After three seasons Peter was to go from one very high class establishment to another, the Fernie. Percy Durno, who had hunted the Heythrop for a number of years and also whipped in to Captain Wallace, put in a word to his son Bruce for Peter and it was here that the Leicestershire bug started to expand in the young Collins’s mind. Bruce, like his father was a wonderful hound man and hunted the Fernie with great skill and dedication, so it was the perfect place to go and further learn the trade. It was then to somewhere completely different, the Chiddingfold, Leconfield and Cowdray as First Whipper in and Kennel Huntsman to Nigel Peel. Hunting in Sussex was a massive change to both the Heythrop and Fernie countries, it was a place where Peter could amongst others, observe the finer arts of hunting hounds in the big Sussex woodlands. This is another talent to acquire and where patience is the all important ingredient. After going with Mr Peel to the North Cotswold, it was back to the South West to the Seavington and his first job as Huntsman. For the next nine seasons Peter put all the knowledge he had learnt from those early days into practice and showed some tremendous sport in a country which was full of supportive dairy farmers who gave the young Huntsman a great deal of encouragement. It was then back to the Chiddingfold Leconfield and Cowdray for a while before progressing to the Portman. At this time little did he know it, but Peter’s childhood ambition was becoming ever closer and after two seasons with this well known Dorset pack he was off to Leicestershire. The Quorn had been going through an unsettled patch, so it was important for Peter as the new man on the block, to build bridges.  After twelve seasons you can see quite clearly is what he has achieved. His popularity within the country and his sense of humour stands out a mile! Like all huntsmen they have to concentrate on the job in hand, as without that the whole operation is doomed to failure. However Peter manages to combine the two rather well and always has a humorous comment ready when you meet him with his hounds flying towards you!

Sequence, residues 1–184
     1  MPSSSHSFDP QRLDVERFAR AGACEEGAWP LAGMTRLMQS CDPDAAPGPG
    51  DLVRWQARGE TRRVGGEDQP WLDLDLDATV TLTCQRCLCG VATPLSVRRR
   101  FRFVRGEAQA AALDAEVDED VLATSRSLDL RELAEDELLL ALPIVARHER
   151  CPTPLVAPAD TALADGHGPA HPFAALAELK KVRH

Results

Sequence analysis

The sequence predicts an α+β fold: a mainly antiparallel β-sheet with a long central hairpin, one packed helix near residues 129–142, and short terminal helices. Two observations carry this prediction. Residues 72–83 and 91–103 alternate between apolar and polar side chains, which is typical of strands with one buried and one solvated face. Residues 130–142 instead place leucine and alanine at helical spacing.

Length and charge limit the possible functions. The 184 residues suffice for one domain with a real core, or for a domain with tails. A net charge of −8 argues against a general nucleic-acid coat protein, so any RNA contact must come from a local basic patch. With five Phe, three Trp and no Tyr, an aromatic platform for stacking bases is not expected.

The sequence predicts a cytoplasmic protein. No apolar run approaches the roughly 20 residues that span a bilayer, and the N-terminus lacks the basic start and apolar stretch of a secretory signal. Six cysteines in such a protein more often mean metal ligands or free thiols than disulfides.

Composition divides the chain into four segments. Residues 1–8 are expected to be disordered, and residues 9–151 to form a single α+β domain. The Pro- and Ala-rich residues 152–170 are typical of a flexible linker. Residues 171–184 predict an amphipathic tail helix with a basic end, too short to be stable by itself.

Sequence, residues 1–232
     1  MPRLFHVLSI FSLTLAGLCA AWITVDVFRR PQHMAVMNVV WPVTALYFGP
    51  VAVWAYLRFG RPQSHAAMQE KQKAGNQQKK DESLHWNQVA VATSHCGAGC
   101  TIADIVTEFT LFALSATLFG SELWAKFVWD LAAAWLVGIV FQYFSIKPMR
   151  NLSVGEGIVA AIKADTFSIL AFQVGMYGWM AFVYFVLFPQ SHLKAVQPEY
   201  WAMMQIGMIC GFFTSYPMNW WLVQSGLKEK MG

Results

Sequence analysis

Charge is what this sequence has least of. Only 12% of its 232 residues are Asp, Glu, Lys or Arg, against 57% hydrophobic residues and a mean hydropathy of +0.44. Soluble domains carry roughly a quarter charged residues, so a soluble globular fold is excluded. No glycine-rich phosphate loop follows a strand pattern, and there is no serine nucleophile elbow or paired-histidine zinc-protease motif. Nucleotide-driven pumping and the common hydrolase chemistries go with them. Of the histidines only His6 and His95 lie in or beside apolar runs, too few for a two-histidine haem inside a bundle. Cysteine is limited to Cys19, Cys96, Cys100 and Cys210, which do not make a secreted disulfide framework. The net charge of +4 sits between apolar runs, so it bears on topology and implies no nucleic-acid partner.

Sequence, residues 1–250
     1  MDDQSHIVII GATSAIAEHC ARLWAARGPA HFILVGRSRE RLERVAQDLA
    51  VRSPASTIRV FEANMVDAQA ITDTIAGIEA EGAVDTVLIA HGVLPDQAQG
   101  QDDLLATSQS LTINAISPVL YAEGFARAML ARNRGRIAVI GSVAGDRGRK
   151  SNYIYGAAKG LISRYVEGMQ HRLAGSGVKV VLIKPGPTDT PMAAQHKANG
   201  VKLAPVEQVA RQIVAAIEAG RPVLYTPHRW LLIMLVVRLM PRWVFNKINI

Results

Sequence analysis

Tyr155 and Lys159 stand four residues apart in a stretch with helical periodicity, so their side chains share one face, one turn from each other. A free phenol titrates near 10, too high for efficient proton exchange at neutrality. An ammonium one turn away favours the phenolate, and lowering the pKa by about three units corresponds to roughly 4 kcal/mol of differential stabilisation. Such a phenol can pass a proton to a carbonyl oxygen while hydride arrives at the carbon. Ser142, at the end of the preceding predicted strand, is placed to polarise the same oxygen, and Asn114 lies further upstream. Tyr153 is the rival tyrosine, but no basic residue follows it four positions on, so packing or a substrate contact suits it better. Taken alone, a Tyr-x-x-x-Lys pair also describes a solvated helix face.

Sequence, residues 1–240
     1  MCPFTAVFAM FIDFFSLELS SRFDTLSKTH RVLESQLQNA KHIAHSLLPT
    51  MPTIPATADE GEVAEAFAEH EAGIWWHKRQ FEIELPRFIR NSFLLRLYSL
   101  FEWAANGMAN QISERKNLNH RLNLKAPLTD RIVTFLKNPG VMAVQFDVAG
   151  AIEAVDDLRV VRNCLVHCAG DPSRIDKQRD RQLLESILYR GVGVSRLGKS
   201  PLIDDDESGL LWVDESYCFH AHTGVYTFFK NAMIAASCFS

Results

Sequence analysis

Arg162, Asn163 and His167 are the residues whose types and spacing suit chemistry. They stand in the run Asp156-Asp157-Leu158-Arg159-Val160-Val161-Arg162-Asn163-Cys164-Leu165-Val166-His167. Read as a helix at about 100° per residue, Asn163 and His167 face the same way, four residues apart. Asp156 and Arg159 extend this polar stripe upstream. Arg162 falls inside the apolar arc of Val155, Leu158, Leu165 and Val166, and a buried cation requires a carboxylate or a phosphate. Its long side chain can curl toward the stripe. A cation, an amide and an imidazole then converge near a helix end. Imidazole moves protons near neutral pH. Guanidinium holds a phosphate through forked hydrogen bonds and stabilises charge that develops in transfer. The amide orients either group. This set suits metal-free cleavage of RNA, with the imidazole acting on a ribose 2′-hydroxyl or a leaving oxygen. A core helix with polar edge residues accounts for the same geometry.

Peter with the Quorn Hounds from a meet at Hickling

Peter with the Quorn Hounds from a meet at Hickling